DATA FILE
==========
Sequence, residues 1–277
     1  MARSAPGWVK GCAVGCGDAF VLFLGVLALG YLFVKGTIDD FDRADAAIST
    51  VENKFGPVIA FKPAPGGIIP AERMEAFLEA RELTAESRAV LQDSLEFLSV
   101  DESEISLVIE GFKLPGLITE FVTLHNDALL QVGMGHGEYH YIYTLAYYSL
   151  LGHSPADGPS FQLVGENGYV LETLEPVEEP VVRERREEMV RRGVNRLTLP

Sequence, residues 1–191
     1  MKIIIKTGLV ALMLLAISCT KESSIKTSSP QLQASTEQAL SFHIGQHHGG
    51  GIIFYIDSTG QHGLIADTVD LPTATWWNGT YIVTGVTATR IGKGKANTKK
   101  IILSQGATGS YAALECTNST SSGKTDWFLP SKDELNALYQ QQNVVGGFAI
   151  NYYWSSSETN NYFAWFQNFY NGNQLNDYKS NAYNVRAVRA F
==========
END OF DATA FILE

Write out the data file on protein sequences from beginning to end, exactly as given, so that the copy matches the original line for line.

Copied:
Sequence, residues 1–277
     1  MARSAPGWVK GCAVGCGDAF VLFLGVLALG YLFVKGTIDD FDRADAAIST
    51  VENKFGPVIA FKPAPGGIIP AERMEAFLEA RELTAESRAV LQDSLEFLSV
   101  DESEISLVIE GFKLPGLITE FVTLHNDALL QVGMGHGEYH YIYTLAYYSL
   151  LGHSPADGPS FQLVGENGYV LETLEPVEEP VVRERREEMV RRGVNRLTLP

Sequence, residues 1–191
     1  MKIIIKTGLV ALMLLAISCT KESSIKTSSP QLQASTEQAL SFHIGQHHGG
    51  GIIFYIDSTG QHGLIADTVD LPTATWWNGT YIVTGVTATR IGKGKANTKK
   101  IILSQGATGS YAALECTNST SSGKTDWFLP SKDELNALYQ QQNVVGGFAI
   151  NYYWSSSETN NYFAWFQNFY NGNQLNDYKS NAYNVRAVRA F